By Lesley Machon
(AJNews) – At Calgary Jewish Academy (CJA), students walk down the halls on Friday hearing the prayers of Shabbat, the sounds of locker doors and zippered binders creating a chorus with prayers thousands of years old. In this way, generational legacies are forged and nurtured, ensuring traditions and teachings of centuries past continue to find their place in the Jewish homes of tomorrow.
“Culture” as an umbrella term, refers to the practices, languages, values and world views expressed by a social group. Questions of culture are questions of community, belonging, and identity. All parents want to raise healthy, resilient children, though we often underestimate the role that culture plays in an individual’s developing sense of self. Being rooted in cultural identity offers us the structure and support needed to engage in meaningful ways with the world, and find each of our places in it.
At CJA we offer a dual curriculum, which expands beyond provincial mandates to cover important gaps missing from the Alberta history curriculum (such as the history of Europe). Our approach also incorporates a full Judaic curriculum which explores the history, and the heart, of the Jewish people. Our educators strive to offer students a broader understanding of the world, so they may anchor their personal histories and experiences inside those of the collective.
Learning the stories and histories of Jewish people is important because as a broader Canadian culture, the lives and experiences of minorities are often sidelined and skimmed over. As humans, we seek to make meaning of our daily experiences by linking events together in a particular sequence across time, and finding a way of explaining or making sense of them. This meaning forms the plot of the story we tell ourselves, use to construct societal norms. In the retelling of stories, there are always events that are not selected, based upon whether or not they fit with the dominant plots. The experiences of various cultural and minority groups are often sub-texts, and seeking them out expands the story we tell ourselves about the world. This creates more room for unique experiences and diverse expression, both in our communities and across the globe, which leads to less isolation and more room for differences. Only people who are connected to their own cultures, and willing to listen to the stories of other cultures, can truly build an inclusive multicultural nation.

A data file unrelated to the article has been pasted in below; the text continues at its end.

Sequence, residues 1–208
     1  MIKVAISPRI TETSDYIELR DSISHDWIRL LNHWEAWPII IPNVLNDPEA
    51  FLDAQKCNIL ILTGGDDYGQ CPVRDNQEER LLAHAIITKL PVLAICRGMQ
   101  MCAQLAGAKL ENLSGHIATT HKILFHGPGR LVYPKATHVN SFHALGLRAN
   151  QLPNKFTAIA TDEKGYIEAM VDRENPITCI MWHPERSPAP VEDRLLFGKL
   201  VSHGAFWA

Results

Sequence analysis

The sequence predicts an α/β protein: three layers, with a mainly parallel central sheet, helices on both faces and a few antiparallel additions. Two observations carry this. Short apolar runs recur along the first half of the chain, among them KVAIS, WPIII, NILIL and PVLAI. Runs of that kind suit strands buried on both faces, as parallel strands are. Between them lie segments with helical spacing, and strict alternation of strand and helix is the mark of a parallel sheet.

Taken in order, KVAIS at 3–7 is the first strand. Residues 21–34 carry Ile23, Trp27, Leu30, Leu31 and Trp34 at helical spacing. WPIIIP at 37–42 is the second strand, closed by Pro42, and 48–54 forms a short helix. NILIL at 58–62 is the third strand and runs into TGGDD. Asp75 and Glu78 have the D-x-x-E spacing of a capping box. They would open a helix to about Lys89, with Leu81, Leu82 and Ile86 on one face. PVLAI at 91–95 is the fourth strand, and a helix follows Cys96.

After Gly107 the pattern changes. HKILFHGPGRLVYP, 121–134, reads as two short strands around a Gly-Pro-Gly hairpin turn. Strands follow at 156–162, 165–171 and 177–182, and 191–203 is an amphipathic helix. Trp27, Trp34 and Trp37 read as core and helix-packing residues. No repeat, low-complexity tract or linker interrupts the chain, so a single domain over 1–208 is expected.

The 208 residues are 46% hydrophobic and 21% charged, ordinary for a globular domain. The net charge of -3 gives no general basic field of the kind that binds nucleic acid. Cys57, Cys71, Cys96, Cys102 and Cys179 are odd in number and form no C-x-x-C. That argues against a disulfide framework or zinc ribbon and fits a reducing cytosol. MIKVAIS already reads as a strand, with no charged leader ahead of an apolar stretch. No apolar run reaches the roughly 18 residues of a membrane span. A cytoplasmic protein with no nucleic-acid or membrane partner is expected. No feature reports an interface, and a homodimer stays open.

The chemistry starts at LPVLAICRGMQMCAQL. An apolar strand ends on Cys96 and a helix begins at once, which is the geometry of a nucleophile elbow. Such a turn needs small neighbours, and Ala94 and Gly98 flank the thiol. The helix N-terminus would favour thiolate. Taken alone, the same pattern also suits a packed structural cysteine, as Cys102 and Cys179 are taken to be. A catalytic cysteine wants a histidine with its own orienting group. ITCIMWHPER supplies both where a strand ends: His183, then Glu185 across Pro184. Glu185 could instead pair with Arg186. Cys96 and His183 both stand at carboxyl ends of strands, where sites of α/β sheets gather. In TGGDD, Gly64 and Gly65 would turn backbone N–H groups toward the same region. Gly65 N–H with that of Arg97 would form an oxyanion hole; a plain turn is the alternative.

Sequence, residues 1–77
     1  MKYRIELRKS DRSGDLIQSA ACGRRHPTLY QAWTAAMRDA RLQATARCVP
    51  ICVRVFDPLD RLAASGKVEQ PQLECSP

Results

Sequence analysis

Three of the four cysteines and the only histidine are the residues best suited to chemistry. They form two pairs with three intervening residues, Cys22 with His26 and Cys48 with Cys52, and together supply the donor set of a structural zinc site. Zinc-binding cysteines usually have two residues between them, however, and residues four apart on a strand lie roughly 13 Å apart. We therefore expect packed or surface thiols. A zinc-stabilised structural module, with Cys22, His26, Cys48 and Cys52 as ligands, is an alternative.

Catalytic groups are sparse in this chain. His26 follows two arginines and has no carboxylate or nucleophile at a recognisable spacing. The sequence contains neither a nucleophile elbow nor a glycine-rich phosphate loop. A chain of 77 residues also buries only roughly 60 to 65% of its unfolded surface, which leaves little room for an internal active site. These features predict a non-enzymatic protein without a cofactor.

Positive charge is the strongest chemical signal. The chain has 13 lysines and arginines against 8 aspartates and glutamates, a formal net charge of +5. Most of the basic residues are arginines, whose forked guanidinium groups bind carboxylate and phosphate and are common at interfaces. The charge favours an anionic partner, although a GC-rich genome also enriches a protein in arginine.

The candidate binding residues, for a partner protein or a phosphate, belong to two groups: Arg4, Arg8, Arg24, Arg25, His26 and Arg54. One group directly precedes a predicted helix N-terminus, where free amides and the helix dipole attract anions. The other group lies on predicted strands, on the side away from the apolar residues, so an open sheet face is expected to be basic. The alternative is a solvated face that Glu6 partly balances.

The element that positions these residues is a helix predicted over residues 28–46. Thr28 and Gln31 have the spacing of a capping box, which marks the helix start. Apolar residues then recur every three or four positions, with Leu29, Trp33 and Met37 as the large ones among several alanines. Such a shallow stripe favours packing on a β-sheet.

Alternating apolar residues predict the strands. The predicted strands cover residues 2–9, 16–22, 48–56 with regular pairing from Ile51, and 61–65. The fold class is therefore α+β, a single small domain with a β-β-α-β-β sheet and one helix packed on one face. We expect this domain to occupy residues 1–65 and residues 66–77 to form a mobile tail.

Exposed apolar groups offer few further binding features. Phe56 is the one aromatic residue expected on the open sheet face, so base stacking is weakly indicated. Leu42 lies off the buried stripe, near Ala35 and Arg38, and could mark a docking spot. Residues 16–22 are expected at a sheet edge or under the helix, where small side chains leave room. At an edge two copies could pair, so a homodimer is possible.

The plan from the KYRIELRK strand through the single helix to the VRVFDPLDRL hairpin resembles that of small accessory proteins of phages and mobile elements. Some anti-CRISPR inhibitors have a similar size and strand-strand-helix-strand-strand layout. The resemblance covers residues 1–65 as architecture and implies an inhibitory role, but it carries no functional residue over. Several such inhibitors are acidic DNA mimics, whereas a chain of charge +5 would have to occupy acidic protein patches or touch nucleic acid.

In addition to the benefits of belonging to a community with a strong sense of cultural identity—such as security, trust, and access to social networks which provide support and shared values—students at CJA are given the opportunity to learn three languages: French, English, and Hebrew. They are also invited to participate in various celebrations and assemblies for Israel’s birthday (dressed in blue and white), Hanukkah (the smell of latkes clinging to sweater threads), and Passover. These celebrations connect us to Israel’s history as a nation, and remind us of our responsibility to learn from and incorporate the teachings of our ancestors. In this way, by honouring the past, we begin to build a future.
Ms. Lesley Machon is the Junior High Humanities teacher at the CJA.